“Now, specific breeds may be more likely to have specific conditions. And that goes along with, you know, I do a lot of stuff with the heart. I know that if we think of degenerative valve disease, Cavaliers come to the top of your mind, or if you think of dilated cardiomyopathy, Dobermans come to the top of your mind. And we’re not saying that certain breeds aren’t more prone to very specific diseases or medical conditions, but as a whole, being purebred doesn’t show a higher reporting of medical conditions compared to mixed breed.

“It’s turning out that common things happened commonly, where even though we’re looking at these purebred dogs, where you might think they’re prone to very specific diseases or medical conditions, it still is things like dental disease, dog bites from other dogs. Those are still some of the things that are showing up frequently across breeds, not just with one specific breed.”

618 – Pro Tips on Changing the Conversation from Ian Lynch

Pro Tips on Changing the Conversation from Ian Lynch

Ian Lynch with his newest Dawin Poodle, Portia.

Canadian Kennel Club spokesperson Ian Lynch joins host Laura Reeves to talk about changing the conversation on purebred dogs with the general public.

Lynch, a broadcaster in his day job, brings his passion for purebred dogs to the CKC as their public spokesman. He describes his lifelong obsession with the sport, obtaining the Dogs in Canada Annual magazine and creating a “vision board” with pages from the book taped to his wall.

His first dog as an adult was a Dawin standard poodle.

“I used to get “Dogs in Canada” annuals and I used to put all the pictures on my walls because I love these dogs. And I had a picture on my wall in 1995. It was an Allison Alexander in a red dress, holding Dawin High Falutin, who was the number one dog and has all these records to this day. His name was Lutin, I believe his call name. And it’s funny because as I get older, I realized that I was making a vision board because now I have a Dawin dog.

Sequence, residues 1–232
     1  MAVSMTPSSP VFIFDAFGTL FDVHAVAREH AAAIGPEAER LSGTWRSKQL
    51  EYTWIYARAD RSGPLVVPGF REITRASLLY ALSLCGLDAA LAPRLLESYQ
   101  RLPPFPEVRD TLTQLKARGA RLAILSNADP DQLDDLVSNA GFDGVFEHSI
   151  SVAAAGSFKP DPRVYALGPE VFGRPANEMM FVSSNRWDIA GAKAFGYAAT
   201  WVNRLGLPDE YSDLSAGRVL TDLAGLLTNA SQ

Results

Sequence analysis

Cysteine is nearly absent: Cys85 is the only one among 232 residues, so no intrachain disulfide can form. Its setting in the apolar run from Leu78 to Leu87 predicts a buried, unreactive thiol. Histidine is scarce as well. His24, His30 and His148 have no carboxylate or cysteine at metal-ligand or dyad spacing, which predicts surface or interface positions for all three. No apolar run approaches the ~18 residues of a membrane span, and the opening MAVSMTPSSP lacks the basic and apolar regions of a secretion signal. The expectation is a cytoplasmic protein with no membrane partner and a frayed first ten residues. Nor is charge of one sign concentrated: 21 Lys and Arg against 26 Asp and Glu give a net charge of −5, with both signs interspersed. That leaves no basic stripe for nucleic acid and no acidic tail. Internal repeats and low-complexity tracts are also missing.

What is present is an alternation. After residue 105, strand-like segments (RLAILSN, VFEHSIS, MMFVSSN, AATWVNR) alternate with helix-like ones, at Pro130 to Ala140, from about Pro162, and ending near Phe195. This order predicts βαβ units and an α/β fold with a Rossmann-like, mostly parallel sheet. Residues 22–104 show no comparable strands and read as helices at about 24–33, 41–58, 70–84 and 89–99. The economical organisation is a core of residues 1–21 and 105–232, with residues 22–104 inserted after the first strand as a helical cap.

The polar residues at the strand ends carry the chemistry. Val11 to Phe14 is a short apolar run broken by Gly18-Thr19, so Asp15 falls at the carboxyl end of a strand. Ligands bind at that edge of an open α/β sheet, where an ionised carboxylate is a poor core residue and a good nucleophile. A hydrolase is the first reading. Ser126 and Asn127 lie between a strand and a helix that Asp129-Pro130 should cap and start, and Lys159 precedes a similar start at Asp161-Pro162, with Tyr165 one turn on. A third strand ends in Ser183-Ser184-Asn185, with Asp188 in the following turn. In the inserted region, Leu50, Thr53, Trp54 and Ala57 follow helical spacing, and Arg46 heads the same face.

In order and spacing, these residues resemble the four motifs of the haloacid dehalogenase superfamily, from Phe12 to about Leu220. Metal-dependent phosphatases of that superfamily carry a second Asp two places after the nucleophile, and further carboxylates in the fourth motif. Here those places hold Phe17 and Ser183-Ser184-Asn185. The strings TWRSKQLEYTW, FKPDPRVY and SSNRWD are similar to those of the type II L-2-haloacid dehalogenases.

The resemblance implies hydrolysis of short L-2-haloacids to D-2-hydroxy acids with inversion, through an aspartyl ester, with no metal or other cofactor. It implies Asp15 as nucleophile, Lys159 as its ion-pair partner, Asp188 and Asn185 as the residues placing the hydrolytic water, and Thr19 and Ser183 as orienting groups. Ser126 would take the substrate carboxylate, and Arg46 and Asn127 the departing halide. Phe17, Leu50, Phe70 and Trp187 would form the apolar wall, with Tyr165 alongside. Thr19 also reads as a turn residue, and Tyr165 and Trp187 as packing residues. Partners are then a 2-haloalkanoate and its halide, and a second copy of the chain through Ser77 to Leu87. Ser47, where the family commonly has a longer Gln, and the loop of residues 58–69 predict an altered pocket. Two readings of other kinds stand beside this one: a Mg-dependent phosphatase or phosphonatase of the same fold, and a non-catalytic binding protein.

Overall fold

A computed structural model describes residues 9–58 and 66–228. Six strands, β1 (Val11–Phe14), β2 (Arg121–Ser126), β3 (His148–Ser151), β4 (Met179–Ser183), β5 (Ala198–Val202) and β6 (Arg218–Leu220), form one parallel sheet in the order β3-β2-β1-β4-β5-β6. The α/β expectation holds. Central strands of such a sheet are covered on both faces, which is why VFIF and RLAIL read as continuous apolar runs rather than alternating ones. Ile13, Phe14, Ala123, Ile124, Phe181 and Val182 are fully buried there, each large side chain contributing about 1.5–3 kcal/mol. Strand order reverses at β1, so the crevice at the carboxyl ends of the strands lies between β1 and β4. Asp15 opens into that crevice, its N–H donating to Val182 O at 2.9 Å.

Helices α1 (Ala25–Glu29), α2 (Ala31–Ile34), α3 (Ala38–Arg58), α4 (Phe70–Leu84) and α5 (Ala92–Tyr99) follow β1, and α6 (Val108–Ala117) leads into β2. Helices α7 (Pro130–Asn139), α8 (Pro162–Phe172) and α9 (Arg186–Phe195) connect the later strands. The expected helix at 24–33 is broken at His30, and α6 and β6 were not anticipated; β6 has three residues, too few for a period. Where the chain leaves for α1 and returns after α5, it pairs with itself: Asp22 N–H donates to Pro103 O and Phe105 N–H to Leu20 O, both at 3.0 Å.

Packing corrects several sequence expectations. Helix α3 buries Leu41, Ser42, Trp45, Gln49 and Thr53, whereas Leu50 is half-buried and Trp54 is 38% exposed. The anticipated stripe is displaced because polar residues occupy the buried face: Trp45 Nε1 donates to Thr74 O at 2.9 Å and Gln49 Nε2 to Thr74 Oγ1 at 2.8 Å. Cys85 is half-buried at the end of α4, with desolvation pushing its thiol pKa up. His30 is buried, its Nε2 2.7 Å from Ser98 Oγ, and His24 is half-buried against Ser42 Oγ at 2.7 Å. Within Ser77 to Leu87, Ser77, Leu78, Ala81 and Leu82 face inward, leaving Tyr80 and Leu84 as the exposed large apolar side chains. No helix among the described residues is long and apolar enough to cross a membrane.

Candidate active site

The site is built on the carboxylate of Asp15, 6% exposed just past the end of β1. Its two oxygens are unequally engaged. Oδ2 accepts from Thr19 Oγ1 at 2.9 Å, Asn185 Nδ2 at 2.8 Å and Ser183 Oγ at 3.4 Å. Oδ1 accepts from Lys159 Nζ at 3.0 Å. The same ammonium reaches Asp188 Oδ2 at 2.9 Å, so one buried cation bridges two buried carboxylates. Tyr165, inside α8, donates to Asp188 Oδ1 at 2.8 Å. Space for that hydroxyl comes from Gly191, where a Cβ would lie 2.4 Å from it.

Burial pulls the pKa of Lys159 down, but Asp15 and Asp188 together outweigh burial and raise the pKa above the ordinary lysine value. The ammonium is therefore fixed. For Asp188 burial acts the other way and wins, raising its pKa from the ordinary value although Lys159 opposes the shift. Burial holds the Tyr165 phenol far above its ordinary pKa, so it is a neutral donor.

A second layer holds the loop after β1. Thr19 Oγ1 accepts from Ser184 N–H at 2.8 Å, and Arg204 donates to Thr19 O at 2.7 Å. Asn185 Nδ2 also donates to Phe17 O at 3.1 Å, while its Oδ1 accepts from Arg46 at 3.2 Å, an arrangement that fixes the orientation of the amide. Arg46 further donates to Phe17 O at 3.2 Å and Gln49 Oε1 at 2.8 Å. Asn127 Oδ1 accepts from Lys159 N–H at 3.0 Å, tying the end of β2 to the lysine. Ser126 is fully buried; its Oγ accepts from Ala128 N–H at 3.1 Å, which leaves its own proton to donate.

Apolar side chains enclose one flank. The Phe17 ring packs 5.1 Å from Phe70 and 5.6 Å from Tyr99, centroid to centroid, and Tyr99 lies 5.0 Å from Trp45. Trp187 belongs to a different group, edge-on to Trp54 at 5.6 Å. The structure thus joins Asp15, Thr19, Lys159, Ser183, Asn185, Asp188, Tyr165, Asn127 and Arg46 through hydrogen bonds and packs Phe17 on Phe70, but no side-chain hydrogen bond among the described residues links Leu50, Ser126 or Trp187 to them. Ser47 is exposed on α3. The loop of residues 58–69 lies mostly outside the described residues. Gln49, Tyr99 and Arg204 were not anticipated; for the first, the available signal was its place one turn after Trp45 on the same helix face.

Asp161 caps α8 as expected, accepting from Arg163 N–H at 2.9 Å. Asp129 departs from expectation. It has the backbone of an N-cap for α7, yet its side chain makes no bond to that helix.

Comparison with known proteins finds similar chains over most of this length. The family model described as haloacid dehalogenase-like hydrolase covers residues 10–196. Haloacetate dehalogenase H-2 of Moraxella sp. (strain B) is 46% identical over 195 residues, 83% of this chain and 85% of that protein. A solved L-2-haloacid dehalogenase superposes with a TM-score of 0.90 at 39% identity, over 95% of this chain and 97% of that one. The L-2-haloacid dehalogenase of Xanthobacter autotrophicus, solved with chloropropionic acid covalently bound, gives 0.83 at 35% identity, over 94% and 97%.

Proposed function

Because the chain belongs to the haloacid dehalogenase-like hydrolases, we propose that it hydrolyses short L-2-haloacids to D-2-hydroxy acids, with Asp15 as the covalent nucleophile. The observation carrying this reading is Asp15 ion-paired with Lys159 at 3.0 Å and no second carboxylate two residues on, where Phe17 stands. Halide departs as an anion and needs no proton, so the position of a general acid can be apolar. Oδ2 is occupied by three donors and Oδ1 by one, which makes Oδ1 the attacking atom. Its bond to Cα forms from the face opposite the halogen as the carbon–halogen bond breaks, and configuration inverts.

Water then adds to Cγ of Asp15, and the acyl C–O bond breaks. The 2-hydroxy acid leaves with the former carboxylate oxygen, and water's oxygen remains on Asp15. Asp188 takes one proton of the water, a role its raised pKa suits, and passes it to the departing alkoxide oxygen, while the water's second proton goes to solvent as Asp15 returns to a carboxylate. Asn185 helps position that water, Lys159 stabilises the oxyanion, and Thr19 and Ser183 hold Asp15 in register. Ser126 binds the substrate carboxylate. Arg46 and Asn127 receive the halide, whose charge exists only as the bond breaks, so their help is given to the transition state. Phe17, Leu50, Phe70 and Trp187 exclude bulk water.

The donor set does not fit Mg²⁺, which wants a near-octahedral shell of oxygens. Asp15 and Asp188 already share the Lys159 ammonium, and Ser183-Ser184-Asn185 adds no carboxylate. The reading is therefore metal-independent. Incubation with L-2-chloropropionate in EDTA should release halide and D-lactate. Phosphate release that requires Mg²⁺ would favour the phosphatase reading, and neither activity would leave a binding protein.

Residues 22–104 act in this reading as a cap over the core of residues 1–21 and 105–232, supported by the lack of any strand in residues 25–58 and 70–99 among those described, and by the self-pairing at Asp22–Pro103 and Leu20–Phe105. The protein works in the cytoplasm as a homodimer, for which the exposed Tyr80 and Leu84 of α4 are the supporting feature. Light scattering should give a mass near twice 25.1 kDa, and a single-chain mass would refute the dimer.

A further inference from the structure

Ian Lynch and Allison Alexander, from vision board to friends.

“And I’m friends with Allison Alexander and she’s the greatest person alive. So, it’s so funny that like, you know, that you hear almost like manifestation stuff and I didn’t know what I was doing. But as a kid, I used to always have the picture of the Dawin dog and I used to tell my parents, ‘I’m gonna have a dog just like that one day.’

Don’t just talk. Listen!

Lynch recommends we just talk to people about dogs. And not just talk, listen also! On topics from training to doodles, listening to what people say gives you a chance to address their actual concerns and increase buy in to the information you do have to share.

“The easiest way for me, I think, to start talking to people about purebred dogs is to talk to everyone who has a dog.

“For example, there’s this lady on my street. She has this pitbull mix. And this dog was so reactive to my dogs all the time. I mean jumping in midair. And then, I noticed that from a distance, she taught the dog the look at me, you know, the treat out. And I stopped her and I said, ‘Sorry to bother you, I just want to congratulate you and let you know that I’ve noticed how good you’re doing with this dog and how far your dog has come.’ And she says to me, ‘Oh my God, thank you. I’ve always admired your dogs. What kind of dogs are they? Are they show dogs? Where are dog shows? Where can I learn more about these dogs?’ Simply talking to people about dogs.